Australia Thanks Indonesia for Helping Queensland
"President received Prime Minister Julia Gillard’s call at 12.30 PM. She thanked Indonesia for our commitment to helping the reconstruction and rehabilitation programs in Queensland," the head of state’s aide for international relations Teuku Faizasyah said here Thursday.
President Yudhoyono was quoted as saying that Indonesia’s commitment to Australia was a form of solidarity to the country which had often assisted Indonesia when natural disasters occurred. In the phone talks, the Australian leader also congratulated Indonesia on its position as this year’s president of the Association of Southeast Asian Nations (ASEAN) and host of the ASEAN and East Asia Summits, he said.
Gillard expected Indonesia to be able to make breakthroughs during its ASEAN chairmanship period. For this purpose, Canberra was ready for assisting Indonesia. In connection with the state of Queensland’s flood disaster, tens of thousands of people were affected, including over 150 Indonesians who took refuge to secure areas in St.Lucia suburb in Brisbane.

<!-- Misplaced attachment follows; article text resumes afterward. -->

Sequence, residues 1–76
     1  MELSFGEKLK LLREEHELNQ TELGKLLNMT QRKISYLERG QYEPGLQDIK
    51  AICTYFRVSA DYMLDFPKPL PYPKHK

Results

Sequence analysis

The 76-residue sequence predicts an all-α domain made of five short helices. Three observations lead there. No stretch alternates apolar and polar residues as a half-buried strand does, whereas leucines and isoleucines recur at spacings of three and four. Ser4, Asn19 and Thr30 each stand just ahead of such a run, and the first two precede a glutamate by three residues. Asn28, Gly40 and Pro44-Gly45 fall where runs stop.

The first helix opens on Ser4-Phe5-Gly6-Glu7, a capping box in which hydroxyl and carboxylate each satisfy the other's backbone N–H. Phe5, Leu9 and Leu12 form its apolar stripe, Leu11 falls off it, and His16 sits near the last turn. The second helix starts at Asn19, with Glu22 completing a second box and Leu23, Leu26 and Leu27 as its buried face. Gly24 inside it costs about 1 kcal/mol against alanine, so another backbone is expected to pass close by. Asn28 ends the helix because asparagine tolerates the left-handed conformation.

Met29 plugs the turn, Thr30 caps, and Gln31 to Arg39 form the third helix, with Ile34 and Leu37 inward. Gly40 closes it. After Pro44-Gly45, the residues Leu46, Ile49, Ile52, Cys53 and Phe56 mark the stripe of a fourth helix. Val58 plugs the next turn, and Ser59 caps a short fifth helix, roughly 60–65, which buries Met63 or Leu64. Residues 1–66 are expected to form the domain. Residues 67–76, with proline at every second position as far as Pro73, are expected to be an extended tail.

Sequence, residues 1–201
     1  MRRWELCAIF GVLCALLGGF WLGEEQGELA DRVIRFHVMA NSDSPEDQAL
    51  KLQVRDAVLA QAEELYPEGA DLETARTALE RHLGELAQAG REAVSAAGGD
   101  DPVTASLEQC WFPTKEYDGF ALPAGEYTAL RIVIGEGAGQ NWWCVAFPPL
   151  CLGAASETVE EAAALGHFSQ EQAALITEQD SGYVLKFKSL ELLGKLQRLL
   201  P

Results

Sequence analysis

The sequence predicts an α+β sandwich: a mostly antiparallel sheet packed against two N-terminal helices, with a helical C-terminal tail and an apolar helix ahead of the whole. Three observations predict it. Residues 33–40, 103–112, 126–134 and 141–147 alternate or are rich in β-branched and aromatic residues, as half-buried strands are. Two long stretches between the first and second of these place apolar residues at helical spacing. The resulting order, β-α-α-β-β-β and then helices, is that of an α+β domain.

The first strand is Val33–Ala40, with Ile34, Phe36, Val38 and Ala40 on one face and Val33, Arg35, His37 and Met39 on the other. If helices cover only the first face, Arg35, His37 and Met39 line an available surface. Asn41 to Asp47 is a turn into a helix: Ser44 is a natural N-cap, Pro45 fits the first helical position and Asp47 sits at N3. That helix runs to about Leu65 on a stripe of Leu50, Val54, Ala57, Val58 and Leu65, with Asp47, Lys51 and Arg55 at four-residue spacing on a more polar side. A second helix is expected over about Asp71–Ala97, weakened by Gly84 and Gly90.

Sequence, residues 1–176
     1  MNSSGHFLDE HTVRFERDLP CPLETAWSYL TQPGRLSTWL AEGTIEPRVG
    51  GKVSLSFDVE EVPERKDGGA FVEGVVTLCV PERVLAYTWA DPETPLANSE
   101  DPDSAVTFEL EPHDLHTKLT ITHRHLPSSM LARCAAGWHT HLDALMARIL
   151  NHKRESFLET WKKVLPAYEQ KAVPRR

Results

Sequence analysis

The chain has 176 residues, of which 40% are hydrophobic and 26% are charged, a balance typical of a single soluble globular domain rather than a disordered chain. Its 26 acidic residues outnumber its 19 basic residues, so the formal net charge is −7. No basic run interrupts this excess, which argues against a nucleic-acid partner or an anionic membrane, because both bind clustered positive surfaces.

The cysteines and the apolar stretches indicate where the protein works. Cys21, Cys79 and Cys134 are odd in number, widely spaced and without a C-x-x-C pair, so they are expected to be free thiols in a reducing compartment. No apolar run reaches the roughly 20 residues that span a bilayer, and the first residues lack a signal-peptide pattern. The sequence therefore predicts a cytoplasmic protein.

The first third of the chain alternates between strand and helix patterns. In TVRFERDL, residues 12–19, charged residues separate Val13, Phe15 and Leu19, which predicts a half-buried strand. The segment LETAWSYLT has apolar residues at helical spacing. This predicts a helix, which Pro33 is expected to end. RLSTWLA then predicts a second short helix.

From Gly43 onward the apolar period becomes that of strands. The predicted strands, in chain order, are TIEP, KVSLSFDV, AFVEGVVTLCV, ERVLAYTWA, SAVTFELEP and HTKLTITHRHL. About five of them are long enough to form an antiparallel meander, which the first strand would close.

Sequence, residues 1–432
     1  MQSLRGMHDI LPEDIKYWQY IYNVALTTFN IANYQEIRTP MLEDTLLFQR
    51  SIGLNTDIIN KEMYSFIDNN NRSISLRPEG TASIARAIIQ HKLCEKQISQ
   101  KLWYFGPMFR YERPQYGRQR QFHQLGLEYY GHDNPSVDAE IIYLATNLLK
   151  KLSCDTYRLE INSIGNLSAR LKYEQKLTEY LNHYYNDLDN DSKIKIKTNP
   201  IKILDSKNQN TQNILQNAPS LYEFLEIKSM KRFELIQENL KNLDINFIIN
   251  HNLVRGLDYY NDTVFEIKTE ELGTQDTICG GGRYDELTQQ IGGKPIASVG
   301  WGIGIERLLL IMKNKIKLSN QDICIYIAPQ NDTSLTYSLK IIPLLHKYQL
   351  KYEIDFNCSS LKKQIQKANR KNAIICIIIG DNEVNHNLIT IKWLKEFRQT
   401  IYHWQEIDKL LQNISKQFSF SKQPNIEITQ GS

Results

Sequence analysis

The flood waters that had previously inundated many places in this city of two million people, including St.Lucia suburb as one of the clusters of the Indonesian community in Queensland had receded since last weekend. This condition has enabled the city and state governments as well as local residents, including Indonesian citizens, to conduct a massive clean-up and damage repair operation.
As reported by "ABC News", Queensland Premier Anna Bligh had even met with her cabinet members and related government officials on Monday for talks about the state’s recovery and reconstruction programs. Bligh voiced her government’s commitment to rebuilding Queensland and making its people more resistant and better protected.
The recent flood disaster, which has made Brisbane become like "a dead city", has recorded various heroic stories about the power of struggle and the power of solidarity and brotherhood of human beings. The power of brotherhood of humanity, which disregards the socio-economic, cultural, and other primordial differences, has also been shown by Indonesian community members there.
In the flooding, which has brought Queenslanders’ memories back to the 1974 flood disaster, more than 120 Indonesians were also displaced and fled their flat units and houses to higher areas in St.Lucia. They were then sheltered in 16 houses and accommodation units that Indonesians rented in the suburb where the University of Queensland (UQ)’s main campus is located.